Genealogy Can Teach You About The Full Range of Human Experience
If your research helps you answer questions like mine, you’ll be able to write powerful stories your descendants will thank you for. Every family has heroes and villains, secret and surprises, and if you can uncover and describe them, you’ll convey important lessons to your family about resiliency, the possibility of fresh starts, lies and love—in short, the full range of the human experience.
“Men’s Sheds,” a movement founded in Australia to promote social interaction and community service among retired men, is coming to the United States. Eleven Men’s Sheds have been established so far, several others are in the planning stage, and an organization—the US Men’s Sheds Association—has been formed to promote the movement and help new Men’s Sheds get started.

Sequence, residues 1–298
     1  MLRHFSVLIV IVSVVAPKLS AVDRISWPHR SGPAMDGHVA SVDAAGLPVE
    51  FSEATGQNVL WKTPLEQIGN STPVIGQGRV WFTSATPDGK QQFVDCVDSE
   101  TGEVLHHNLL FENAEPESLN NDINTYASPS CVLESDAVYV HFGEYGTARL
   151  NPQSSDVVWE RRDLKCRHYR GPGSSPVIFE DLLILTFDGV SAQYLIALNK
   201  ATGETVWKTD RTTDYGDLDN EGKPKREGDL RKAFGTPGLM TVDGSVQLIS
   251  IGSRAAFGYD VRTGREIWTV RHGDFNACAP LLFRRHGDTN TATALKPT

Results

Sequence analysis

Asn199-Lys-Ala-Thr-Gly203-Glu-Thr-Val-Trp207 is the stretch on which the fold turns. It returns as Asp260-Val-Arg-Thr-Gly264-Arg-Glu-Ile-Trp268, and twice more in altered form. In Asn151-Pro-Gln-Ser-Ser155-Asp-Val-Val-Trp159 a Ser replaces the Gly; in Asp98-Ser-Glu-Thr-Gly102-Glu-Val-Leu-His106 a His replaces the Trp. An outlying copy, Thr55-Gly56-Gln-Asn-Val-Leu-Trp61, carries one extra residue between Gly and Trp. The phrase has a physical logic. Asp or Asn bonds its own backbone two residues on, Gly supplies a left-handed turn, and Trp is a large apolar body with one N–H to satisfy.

“Shoulder to Shoulder”
A Men’s Shed is a gathering place for older men typically organized around a theme and a purpose. A Men’s Shed might feature a woodshop where men work together on community service projects like building handicap-access ramps for people who otherwise couldn’t afford one, or a kitchen where men learn cooking skills and share the food they’ve prepared. There are nearly 1,000 Men’s Sheds in Australia, several hundred in both the United Kingdom and the Republic of Ireland, and 25 or more in Canada. The motto of the Men’s Shed movement is “Shoulder to Shoulder,” shortened from a longer phrase explaining how men prefer to communicate: “Men don’t talk face to face, they talk shoulder to shoulder.” Some sheds have opened membership to both men and women and to people of all ages.